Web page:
EXAMPLE XX About 244 parts of the condensate of 11.98 mols of ethylene oxide with 1 mol of glycerine was reacted with about 2053 parts of m-tolylene diisocyan ate containing 0.24% of hyd-nolyzable chlorine, the reaction taking place at room temperature and in the presence of about 450 parts of chlorinated biphenyl containing 42% chlorine. This reaction yielded a product which, on heating at about 110 C. for a period of about 68 hours, produced a completely bubble-freeclear, flexible and tough resin.

A sample of the product of the initial reaction was used to impregnate and/or laminate glass cloth with highly satisfactory results. In producing these products, the solution of the initial reaction product was applied to a sheet of cloth and also between two sheets of cloth and then heated to eifect polymerization of the adduct.

EXAMPLE XXI About 6.8 parts of the condensate of 11.98 mols of ethylene oxide with '1 mol of glycerine was reacted with about 8.2 parts of p,p-diisocyanatodiphenylmethane in the presence of about 15 parts of chlorinated biphenyl containing 42% chlorine, the reaction taking place at room temperature. The isocyanate used in this reaction was pretreated with hydrogen chloride to insure the presence of a trace of I-ICl. was a very viscous, sticky liquid which, on heating at a temperature of about 125 C. for about 15 hours, yielded a flexible, clear resin substantially free of bubbles.

EXAMPLE XXI I Manufacture of Resinous Foams The procedure described in Example X was repeated except that 1% by weight of calcium oxide was added to a sample of the resulting solution of adduct. On heating this sample at 140 C. for 110 minutes, it was converted initially into a gel and finally into a porous resinous foam.

EXAMPLE XXIII About 66.2 parts of castor oil was dissolved in about 100 parts of chlorinated biphenyl containing 54% chlorine by heating and to the resulting solution about 33.8 parts of m-tolylene diisocyanate and about 5 parts of N- methylmorpholine were successively added. After the formation of the adduct had been completed, about 1% of N-methylmorpholine and about 0.4% of benzyltrirnethylamrnonium hydroxide were introduced with stirring. The ensuing reaction, which was carried out at room temperature, resulted in the production of a resinous foam. This product was given an additional cure by heating for 15 minutes at about 100 C. and a light colored rubbery foam of substantially uniform cell size was obtained.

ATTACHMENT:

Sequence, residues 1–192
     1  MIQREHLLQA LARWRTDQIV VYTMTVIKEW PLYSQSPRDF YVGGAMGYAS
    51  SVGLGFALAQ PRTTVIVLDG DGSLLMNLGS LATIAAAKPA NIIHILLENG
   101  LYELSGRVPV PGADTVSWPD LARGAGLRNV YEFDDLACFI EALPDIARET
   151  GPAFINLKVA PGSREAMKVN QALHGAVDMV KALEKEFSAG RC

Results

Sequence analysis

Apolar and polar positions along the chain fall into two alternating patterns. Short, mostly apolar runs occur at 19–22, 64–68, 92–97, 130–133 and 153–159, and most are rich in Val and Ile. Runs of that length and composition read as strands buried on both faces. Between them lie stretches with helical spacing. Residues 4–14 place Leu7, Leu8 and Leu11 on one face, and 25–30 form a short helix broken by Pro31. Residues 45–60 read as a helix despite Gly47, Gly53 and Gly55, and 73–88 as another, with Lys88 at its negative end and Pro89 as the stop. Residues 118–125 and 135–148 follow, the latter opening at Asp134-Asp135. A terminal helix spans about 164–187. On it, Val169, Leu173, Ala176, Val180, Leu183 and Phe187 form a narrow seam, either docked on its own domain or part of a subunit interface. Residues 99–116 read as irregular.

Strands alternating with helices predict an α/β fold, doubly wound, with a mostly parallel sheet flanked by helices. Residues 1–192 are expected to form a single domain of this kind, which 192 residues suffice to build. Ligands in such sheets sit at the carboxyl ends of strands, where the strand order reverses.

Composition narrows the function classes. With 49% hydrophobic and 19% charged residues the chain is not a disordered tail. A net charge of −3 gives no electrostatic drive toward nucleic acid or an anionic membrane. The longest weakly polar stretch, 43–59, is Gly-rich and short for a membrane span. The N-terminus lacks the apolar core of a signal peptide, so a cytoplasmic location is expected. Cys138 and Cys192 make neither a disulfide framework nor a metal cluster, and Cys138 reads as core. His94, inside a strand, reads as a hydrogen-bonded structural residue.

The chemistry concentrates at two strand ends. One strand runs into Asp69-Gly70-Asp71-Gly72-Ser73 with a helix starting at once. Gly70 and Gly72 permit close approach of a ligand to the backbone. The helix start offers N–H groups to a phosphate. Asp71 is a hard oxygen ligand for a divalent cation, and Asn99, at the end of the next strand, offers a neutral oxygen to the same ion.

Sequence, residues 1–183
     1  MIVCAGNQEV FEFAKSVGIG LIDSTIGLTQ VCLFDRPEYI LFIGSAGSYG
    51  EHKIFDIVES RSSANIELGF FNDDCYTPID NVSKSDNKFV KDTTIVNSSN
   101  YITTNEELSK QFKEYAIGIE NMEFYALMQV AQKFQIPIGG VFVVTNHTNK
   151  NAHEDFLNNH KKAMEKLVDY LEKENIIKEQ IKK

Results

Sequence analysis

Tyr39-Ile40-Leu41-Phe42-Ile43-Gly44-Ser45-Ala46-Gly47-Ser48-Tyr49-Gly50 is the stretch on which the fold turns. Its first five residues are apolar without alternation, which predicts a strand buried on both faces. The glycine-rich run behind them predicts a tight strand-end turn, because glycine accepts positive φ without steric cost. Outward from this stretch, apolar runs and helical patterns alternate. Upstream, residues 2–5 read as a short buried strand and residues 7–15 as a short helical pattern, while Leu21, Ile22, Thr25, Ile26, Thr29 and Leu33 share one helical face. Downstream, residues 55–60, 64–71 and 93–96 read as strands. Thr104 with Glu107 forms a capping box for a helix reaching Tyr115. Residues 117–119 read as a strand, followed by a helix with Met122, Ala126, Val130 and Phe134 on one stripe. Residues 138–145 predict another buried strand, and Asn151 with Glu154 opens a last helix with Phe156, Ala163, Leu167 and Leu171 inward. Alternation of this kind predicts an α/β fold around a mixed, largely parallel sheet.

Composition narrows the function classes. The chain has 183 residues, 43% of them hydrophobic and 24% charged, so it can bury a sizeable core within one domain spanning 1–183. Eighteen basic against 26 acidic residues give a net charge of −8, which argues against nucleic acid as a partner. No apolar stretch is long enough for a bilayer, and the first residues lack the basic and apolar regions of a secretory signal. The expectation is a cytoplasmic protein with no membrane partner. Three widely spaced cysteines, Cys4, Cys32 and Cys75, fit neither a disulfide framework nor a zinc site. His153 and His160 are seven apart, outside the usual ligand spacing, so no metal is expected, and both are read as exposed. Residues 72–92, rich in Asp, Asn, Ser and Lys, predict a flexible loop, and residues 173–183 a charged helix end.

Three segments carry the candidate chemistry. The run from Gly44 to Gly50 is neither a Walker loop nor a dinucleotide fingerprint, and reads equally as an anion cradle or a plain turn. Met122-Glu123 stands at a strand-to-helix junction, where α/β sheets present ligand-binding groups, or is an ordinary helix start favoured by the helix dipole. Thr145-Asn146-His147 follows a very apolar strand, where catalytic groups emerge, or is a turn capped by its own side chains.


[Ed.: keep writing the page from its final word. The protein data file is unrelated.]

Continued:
EXAMPLE XXV The preceding example was repeated using hydrogenated instead of natural castor oil. This resulted in the production of a light colored rubbery foam which was slightly firmer than that obtained in the previous example.

The organic compound containing a urethane or thi- The product of this reaction iii our-ethane group or one or more of these groups and an isocyanate and/ or an isothiocyanate group is desirably prepared in the presence of a non-reactive organic plasticizer, preferably a non-reactive organic liquid plastioizer, which boils at a temperature of at least 200 C. and preferably at a temperature of at least 250 C. at atmospheric pressure. This yields a solid or a viscous liquid solution of the above organic compound, which is stable for a considerable period of time it stored at room temperature in tightly closed containers. However, if heated or treated in the manner hereinafter described, the solution is converted into a complex resinous polymer plasticized by the above-mentioned plasticizer.

least one urethane or thiourethane group and an isocyanate and/ or an isothiocyanate group'of another molecule containing both types of functional groups. In the event that the ccnganic compound contains only urethane or thiourethane groups, then it is cured by reaction with an added compound which contains at least one isocyanate and/or isothiocyanate group, the curing taking place at a temperature sufficient to bring about a reaction between the functional groups of the two compounds involved.

The curing operationis carried out in the absence or presence of a catalyst and at a temperature varying from room temperature up to about 225 C. or more specifically, from about 60 C. to about 200 C. and within these limits, a temperature of about C. to about C. is preferred.